Chances are, at least some of your savings has gone toward your down payment and moving expenses. Now it's time to reset your savings goals and rebuild your reserves.

As you adjust your budget, take a moment to think about your short- and long-term savings. You'll want to confirm that you're saving appropriately for retirement and future expenses like your kids' education. More immediately, make sure you're saving for emergencies—and major planned expenses.

Shore Up Your Emergency Fund

Experts recommend keeping three to six months' worth of expenses in a separate emergency savings account. If you used emergency savings to cover part of your down payment, repay yourself over the months to come. And even if you haven't touched emergency savings, you may want to add a few dollars to your fund. Your monthly expenses may be higher now, and the potential for a sudden unexpected expense is higher too (pinhole plumbing leak, we're looking at you).

Create a Sinking Fund for Home Expenses

A sinking fund is dedicated savings you contribute to each month to finance a large expense. Say, for example, your new backyard resembles the surface of the moon. You'd like to install some new landscaping, which will cost $5,000. If you set aside $200 monthly, it'll take you around two years to save up the money—but you won't touch your emergency savings or need to use credit to make your backyard oasis a reality.

You can create multiple sinking funds for individual expenses like replacing the roof or painting, or create a general fund for future home repairs and improvements. Either way, regularly setting aside money you intend to spend on your home will help ensure you have funds for repairs and upgrades when they're needed.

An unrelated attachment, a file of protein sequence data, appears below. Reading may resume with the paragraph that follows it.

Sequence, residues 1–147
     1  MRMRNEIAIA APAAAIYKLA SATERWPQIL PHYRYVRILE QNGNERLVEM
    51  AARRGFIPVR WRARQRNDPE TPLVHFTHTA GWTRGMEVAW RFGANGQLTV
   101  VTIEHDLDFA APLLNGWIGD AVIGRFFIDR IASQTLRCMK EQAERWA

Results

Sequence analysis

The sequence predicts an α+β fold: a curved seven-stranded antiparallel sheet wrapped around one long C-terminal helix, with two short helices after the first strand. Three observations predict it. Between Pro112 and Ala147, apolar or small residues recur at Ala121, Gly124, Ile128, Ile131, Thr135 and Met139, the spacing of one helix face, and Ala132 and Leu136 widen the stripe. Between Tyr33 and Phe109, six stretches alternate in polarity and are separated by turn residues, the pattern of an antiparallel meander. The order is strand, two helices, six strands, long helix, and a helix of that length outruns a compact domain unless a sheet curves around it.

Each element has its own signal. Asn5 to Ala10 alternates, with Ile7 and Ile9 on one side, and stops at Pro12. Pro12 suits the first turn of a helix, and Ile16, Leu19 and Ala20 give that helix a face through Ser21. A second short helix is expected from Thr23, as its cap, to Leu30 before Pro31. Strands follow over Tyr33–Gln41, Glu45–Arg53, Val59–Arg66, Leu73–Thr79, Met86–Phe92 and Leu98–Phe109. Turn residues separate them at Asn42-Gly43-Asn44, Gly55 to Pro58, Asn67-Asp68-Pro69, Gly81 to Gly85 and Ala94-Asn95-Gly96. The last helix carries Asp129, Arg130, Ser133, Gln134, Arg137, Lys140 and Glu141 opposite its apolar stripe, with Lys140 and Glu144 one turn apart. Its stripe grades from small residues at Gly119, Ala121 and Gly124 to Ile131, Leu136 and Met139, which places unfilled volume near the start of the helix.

Track Your Expenses

Owning a home may mean more (and potentially bigger) expenses, which can make managing your finances more difficult. The key is finding a way to track your expenses efficiently and consistently, based on what works best for you:

  • Use an app to track expenses on your mobile device. A budgeting or expense-tracking app can typically connect your bank, credit card, investment and retirement accounts to track expenses and savings automatically—and provide a snapshot of your finances anytime, anywhere.
  • Create a spreadsheet and track your income and expenses at least once a month, using information from your bank, credit card and investment account statements.
  • Log your spending in a notebook or paper ledger. You can stash receipts in an envelope and log them later or use your monthly statements to record expenses.

The Bottom Line

Regaining your financial equilibrium after buying a home takes a bit of thought and effort, but putting your finances in order is an important part of settling into your new home—and life. If you don't already have an Experian account with free credit monitoring, now may be a good time to consider one. Healthy finances and good credit may come in handy down the road when you need a home equity loan for home improvements, a home refinance or a new mortgage on a new home.